US home builders are continuing to have a rough time of it. The National Associtation of Homebuilders (NAHB) housing market index was flat in November, at 54, from 54 in October, which was revised down from 55. Confidence in the sector remains low amid rising construction costs, and the index continues to be at the lowest level since June. Expectations were that it would edge up to 55 this month.
This marks the sixth consecutive month that more builders saw market conditions as good than poor, with a reading over 50 marking a positive view, and below, a negative.
“Given the current interest rate and pricing environment, consumers continue to show interest in purchasing new homes, but are holding back because Congress keeps pushing critical decisions on budget, tax and government spending issues down the road,” said NAHB chairman Rick Judson. “Meanwhile, builders continue to face challenges related to rising construction costs and low appraisals.”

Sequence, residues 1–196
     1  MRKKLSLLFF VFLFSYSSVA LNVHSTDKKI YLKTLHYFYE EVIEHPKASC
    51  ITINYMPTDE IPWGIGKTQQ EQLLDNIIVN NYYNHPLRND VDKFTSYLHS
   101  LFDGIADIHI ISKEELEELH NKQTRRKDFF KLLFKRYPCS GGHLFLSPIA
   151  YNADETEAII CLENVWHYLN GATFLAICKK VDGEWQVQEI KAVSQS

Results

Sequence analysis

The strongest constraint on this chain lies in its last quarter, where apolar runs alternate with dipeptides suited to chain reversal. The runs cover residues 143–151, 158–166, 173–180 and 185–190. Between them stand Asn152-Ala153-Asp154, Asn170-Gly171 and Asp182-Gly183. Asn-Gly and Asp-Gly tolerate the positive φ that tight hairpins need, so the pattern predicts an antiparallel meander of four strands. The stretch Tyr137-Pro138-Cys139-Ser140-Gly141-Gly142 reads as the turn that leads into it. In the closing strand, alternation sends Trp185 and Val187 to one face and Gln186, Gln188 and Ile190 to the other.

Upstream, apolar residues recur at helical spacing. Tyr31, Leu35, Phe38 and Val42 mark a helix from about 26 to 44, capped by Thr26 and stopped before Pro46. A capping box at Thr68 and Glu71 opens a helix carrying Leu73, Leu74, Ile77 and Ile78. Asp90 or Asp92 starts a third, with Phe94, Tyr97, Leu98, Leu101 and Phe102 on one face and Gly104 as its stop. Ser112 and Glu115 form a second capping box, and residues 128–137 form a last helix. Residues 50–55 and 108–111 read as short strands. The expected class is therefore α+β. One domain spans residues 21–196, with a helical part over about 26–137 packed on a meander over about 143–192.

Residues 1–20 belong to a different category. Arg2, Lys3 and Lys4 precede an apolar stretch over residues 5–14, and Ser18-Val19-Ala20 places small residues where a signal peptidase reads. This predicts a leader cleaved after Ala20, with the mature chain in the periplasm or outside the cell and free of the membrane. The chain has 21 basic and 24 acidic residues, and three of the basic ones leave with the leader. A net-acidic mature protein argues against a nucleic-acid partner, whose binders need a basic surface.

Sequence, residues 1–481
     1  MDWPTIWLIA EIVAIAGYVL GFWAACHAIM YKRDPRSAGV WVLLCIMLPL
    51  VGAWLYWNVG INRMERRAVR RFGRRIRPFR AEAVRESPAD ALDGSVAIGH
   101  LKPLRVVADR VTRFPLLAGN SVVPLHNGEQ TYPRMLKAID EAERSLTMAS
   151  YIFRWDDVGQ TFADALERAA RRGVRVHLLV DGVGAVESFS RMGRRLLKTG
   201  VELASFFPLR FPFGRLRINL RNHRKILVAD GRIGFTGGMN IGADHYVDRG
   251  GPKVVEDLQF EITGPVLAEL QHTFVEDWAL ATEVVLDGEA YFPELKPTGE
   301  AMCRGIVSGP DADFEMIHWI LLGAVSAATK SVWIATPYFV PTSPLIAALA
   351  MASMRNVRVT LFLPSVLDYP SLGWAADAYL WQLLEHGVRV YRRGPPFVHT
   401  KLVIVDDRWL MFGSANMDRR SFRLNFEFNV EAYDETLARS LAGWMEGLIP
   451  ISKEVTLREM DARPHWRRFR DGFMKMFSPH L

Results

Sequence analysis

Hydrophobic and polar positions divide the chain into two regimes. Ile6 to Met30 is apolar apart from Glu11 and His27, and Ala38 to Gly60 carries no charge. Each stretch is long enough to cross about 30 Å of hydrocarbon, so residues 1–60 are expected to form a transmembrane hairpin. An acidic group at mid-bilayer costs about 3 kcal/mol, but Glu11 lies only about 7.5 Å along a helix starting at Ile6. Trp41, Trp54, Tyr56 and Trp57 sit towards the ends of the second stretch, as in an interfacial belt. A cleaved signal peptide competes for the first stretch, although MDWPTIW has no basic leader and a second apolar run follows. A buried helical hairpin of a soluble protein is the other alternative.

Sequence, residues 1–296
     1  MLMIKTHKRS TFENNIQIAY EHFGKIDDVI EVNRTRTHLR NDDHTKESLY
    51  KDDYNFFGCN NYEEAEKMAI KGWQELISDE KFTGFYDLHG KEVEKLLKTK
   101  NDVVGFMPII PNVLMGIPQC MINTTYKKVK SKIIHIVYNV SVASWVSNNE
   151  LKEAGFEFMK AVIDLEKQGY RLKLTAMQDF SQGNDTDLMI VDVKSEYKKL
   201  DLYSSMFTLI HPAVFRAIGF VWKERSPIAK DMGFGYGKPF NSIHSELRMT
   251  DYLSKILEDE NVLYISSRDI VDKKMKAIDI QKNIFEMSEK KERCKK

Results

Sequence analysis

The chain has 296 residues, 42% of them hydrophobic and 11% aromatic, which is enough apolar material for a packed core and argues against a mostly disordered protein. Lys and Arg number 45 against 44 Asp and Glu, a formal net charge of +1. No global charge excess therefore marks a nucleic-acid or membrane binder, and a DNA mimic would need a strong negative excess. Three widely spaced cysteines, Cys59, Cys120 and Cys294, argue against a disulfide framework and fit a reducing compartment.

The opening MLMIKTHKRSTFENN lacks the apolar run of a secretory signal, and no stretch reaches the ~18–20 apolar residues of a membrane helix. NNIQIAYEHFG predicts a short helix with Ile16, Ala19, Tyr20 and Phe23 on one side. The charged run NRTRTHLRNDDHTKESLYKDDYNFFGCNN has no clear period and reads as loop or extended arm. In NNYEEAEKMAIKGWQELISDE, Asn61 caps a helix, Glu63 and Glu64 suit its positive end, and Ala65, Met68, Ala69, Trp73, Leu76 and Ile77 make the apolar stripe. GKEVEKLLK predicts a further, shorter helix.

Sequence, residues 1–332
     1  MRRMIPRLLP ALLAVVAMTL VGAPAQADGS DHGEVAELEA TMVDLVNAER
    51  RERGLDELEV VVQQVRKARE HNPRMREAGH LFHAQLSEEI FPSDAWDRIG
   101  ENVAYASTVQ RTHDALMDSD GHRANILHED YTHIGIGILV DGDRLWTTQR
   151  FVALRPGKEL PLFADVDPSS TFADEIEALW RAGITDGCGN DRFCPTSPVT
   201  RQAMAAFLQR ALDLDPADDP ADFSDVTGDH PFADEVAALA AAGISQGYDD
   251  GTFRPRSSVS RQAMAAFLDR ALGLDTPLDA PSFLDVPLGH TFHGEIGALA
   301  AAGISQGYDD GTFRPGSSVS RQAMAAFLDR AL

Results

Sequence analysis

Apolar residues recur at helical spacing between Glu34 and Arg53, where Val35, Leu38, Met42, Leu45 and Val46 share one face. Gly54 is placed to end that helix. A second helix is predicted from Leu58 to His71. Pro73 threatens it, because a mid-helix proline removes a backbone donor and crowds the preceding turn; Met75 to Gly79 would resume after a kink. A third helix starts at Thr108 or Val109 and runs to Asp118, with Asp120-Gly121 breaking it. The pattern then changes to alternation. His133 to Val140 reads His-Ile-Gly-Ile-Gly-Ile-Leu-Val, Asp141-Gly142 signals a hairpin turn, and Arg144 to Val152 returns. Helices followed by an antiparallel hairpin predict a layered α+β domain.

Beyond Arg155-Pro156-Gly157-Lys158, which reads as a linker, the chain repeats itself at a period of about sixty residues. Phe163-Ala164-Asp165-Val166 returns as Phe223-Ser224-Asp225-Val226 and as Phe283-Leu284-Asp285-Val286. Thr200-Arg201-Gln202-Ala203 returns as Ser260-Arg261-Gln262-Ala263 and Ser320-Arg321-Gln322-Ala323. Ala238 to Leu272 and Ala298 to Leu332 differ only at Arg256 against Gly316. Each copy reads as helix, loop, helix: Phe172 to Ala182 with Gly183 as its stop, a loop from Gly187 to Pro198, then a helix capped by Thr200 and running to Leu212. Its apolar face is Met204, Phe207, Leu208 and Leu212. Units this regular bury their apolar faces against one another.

“Policy and economic uncertainty is undermining consumer confidence,” said NAHB chief economist David Crowe. “The fact that builder confidence remains above 50 is an encouraging sign, considering the unresolved debt and federal budget issues cause builders and consumers to remain on the sideline.”